You Don’t Want Your City in National Papers?

My first career out of college was in urban planning, and I remain intensely interested in the development of cities and regions.  Corporate headquarters–especially those with numerous employees and high salaries–impact cities and regions by providing sizable tax bases for local governments (unless governments offer tax incentives), relatively secure employment bases, increases in property values, and infrastructure investments.  Depending on the person evaluating them, these effects can be perceived as good or bad.

For the past 10 years, the most visible example of HQ impacts on a U.S. city has probably been San Francisco, where the HQs of technology companies have transformed neighborhoods and the city generally.  Oakland is about to receive a new large office of tech company (taxi company?) Uber.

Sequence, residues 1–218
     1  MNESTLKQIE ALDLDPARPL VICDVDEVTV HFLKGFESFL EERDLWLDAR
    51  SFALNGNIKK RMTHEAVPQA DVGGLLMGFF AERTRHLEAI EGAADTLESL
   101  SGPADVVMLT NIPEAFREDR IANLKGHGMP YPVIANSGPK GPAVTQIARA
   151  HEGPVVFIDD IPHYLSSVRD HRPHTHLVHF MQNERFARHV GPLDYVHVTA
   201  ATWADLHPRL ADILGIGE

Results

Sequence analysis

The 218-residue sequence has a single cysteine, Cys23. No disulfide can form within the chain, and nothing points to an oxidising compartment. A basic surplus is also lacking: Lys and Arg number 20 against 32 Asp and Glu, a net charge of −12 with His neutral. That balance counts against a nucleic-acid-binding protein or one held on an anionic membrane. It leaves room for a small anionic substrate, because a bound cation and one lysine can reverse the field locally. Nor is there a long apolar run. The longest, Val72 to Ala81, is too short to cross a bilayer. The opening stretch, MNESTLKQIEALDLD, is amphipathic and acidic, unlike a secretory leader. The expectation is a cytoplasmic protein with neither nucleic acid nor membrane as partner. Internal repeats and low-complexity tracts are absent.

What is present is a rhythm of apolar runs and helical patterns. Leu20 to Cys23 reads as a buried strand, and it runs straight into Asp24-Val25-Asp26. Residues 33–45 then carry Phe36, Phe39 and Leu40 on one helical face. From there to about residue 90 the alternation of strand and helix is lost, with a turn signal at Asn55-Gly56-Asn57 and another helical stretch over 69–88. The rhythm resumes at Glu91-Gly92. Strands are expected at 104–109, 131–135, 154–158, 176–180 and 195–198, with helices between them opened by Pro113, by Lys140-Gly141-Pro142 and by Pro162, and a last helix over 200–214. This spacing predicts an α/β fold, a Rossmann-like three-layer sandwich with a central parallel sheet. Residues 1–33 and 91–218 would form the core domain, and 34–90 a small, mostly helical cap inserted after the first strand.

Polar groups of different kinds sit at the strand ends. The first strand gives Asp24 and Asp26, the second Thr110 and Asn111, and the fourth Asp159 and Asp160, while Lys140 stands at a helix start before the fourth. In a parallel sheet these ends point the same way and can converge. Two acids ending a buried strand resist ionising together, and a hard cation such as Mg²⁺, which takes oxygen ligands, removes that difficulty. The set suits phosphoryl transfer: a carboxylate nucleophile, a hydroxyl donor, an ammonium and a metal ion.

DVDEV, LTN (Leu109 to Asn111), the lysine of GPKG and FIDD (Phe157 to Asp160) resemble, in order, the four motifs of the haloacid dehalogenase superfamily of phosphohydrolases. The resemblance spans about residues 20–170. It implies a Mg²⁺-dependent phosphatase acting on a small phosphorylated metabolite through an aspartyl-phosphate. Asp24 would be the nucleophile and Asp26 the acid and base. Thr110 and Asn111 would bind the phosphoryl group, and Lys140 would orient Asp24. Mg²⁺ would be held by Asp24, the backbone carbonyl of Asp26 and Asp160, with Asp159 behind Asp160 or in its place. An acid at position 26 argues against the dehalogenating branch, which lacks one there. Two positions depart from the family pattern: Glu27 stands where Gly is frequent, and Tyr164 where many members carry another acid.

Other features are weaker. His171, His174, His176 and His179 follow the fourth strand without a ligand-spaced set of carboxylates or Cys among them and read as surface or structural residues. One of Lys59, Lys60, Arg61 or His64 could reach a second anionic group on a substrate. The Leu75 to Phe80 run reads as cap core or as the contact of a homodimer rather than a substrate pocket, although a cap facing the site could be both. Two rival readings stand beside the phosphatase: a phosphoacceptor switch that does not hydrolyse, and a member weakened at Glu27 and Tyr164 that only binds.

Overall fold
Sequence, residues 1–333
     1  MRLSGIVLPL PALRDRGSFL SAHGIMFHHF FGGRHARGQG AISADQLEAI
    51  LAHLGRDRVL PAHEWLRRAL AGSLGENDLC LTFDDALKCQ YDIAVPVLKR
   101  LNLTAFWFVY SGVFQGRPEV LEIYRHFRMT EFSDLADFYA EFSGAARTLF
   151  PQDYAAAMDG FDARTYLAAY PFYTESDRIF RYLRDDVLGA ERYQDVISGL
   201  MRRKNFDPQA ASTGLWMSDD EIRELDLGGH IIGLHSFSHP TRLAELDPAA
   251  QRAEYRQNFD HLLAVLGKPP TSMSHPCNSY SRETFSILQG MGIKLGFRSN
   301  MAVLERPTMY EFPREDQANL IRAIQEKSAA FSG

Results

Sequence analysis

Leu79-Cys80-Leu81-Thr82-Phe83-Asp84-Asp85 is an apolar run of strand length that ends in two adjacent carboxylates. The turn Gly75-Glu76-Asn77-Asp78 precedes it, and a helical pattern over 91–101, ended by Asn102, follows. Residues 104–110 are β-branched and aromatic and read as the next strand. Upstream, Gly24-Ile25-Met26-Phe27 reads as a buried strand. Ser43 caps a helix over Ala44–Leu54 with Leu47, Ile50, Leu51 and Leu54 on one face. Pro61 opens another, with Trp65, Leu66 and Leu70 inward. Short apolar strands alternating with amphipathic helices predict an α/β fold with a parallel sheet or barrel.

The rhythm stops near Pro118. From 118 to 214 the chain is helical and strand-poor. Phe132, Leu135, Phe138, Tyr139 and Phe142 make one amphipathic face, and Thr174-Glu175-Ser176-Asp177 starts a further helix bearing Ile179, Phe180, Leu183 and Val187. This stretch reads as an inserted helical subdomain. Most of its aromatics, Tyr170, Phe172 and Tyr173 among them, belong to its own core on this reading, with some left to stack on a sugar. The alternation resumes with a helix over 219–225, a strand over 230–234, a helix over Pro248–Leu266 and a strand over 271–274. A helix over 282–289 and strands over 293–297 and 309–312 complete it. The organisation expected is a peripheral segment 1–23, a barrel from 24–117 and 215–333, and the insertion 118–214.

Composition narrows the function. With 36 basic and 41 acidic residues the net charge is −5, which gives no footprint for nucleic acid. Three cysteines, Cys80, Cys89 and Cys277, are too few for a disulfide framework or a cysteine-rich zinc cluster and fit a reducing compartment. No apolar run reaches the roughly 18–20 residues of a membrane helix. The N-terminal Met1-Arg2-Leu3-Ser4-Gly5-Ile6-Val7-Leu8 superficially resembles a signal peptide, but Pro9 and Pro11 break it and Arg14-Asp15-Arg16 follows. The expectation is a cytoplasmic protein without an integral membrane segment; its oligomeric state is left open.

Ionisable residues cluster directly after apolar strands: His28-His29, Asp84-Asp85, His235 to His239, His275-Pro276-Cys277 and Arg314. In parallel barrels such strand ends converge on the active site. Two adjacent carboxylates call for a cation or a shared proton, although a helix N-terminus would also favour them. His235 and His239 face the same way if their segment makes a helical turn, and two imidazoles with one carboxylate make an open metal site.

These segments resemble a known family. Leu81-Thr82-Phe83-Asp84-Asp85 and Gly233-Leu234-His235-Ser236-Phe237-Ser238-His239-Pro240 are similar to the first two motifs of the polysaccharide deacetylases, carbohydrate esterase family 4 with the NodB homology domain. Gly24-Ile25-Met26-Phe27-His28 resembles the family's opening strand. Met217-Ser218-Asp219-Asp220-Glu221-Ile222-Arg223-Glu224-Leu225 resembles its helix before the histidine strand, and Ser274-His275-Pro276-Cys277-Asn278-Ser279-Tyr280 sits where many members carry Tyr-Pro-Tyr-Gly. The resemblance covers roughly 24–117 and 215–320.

Seattle is emerging as a similar story.  Longtime home to large firms like Microsoft and Boeing, Seattle has become a tech hub on par with San Francisco.  However, Amazon gets the brunt of blame and credit for current changes.’s HQ is doubling its workforce and building several new office towers.  When I visited Seattle in August, I overheard many conversations about Amazon’s impact on the city, including a quickly rising cost of living in neighborhoods that have become popular for Amazon’s workforce, many of whom earn more than $100,000 per year.

Seattle government is attempting to control this growth while still benefiting from increased wealth.  Whether it can harness the economic power of corporate expansion to overall benefits for the city and its pre-expansion residents remains to be seen.

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